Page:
Monday, August 17, 2015

Where the Words Are

I recently updated my cover photo on my Facebook page. To most people, this is about as exciting and daring as brushing their teeth, but I don't change my cover photo every day. In fact, the one I had previously had been in place for about three or four years and it showed my laptop on a table beside a cup of coffee. It was taken at what I called my "branch office" for several years... Sacred Grounds Coffee and Tea Shoppe in Ruidoso, New Mexico. I called it my branch office because, when I wasn't home, it was the place where I did most of my writing and the photo seemed a fitting representation of me and what I loved to do.

The new photo was taken a few days ago and, ironically, it brings me back full circle to my original "branch office". This photo was taken in the Eugene Manlove Rhodes Room at the Alamogordo Public Library. A little background: when Paul and I were married in 1988, we made our home in Alamogordo and lived about a block away from the library. Money being tight, as it is with most newlyweds, the library provided me with hours of free entertainment as I checked out piles of books every week. As time went on, and my interest in writing grew, it became a place where I could lose myself in my writing world. Since I didn't have a car and laptops were still in the future, I would walk to the library with a notebook and pen and sit in the Rhodes Room (also known as the Southwest Room) and lose myself in a world of my own making.

As you can see, the Rhodes Room has an almost homey feel to it. It's been remodeled since those long-ago days, but the artifacts and writings of Eugene Rhodes are on display along with the works of several New Mexico authors. It was here where I fell in love with the literature and stories of the Southwest and, in particular, my adopted home state. I came to know those writers as friends and mentors. When I sat down to write, I felt their hands on my shoulders, I heard their words of encouragement in my ears, and I thrilled to the idea of joining their ranks.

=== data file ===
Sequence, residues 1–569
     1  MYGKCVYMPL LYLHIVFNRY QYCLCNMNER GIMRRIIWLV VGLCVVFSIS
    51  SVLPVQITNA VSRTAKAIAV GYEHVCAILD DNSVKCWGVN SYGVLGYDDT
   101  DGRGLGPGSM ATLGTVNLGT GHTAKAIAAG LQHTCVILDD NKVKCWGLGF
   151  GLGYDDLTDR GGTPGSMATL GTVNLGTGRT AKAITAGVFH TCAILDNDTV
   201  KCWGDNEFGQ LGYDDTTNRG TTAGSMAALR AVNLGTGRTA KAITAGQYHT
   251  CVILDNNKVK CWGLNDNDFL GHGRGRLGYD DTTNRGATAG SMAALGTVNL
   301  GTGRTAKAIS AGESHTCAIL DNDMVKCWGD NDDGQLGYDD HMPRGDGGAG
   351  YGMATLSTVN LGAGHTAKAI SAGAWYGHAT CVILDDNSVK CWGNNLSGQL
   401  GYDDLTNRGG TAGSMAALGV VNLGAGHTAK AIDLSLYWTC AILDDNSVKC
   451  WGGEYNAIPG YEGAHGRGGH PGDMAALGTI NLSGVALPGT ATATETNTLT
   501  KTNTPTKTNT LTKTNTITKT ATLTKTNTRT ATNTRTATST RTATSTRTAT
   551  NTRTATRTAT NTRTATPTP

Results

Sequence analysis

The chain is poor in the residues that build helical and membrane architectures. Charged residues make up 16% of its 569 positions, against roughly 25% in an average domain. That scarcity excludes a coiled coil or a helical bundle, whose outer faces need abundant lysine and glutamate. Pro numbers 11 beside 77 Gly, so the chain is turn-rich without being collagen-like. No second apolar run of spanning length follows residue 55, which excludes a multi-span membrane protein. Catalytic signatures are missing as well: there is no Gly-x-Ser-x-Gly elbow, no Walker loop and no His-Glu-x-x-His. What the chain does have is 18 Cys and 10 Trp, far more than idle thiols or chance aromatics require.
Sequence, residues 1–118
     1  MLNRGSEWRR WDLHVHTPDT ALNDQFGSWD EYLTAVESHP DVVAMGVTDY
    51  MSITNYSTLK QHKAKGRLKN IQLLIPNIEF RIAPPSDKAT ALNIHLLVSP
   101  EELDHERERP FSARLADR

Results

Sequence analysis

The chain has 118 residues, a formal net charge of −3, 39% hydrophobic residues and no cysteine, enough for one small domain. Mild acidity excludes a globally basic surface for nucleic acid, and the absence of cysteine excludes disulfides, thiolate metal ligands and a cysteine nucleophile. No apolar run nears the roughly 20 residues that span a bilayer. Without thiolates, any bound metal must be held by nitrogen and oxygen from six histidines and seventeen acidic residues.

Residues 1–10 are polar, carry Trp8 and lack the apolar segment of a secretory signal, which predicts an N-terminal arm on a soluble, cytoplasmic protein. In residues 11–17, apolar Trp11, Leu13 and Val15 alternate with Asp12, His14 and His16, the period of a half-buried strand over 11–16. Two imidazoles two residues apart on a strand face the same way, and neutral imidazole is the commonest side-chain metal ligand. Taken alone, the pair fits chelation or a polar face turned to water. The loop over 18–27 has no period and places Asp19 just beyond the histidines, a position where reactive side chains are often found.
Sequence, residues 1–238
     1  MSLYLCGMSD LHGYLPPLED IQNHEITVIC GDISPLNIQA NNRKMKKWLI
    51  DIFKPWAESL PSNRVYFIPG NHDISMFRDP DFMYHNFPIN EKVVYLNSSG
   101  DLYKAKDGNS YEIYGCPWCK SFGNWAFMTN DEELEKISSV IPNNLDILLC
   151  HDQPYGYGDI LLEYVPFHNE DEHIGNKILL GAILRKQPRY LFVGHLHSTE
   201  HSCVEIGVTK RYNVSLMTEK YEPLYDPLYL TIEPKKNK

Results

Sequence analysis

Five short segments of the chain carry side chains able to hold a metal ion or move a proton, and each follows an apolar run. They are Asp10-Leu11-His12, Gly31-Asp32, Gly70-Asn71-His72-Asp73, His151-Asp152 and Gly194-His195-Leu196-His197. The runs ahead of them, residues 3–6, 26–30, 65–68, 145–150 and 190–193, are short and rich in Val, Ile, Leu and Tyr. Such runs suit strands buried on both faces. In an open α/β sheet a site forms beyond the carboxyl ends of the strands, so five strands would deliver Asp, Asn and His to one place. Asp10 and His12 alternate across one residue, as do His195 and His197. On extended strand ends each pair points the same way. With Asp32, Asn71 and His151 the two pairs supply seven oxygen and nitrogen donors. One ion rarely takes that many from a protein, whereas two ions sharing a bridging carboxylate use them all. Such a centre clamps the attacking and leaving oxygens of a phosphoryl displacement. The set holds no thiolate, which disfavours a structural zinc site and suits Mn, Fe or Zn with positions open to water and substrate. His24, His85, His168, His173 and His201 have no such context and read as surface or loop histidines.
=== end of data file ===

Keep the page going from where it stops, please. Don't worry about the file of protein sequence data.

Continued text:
In 2001, we moved to a more rural area, a village called Bent which is about 25 miles from Alamogordo and then, for twelve years, circumstances had me commuting to Ruidoso for work, about 25 miles from Bent and nearly fifty miles from Alamogordo. It was with some regret that I had to leave the "nest", so to speak, but for this fledgling writer, it was the way to test my wings. Working in Ruidoso brought me into contact with the area that would come to life in my Black Horse Campground series as Bonney County... a place that, though fictional, embodied the spirit and flavor of New Mexico. And after I found a publisher and saw my words and my stories be published, I made my way back to the Rhodes Room for book talks and signings, with the enthusiastic support of the Alamogordo Public Library staff.

So when I have time and I want to touch those roots, I find myself back in my corner table in the Rhodes Room, putting words down and creating stories about the people and the places that I love. I take those places everywhere I go. And I feel like I am home.


  1. I've never had "another" writing space that was a regular outside of my home office. I've written many different places but never a coffee shop. I have a writer friends who writea all of his books at the local coffee shop so he won't be distracted by "honey do" chores. Good post.

  2. I used to go to the coffee shop in Ruidoso because I had a 30-minute drive to get home after working a 2 a.m. to 10 a.m. shift... it was hard to stay awake on the drive and then all I wanted to do was nap! The coffee shop kept me alert and engaged. When I have time, I'll take a drive up there on my day off for old times' sake. And yes, to get away from the chores, too!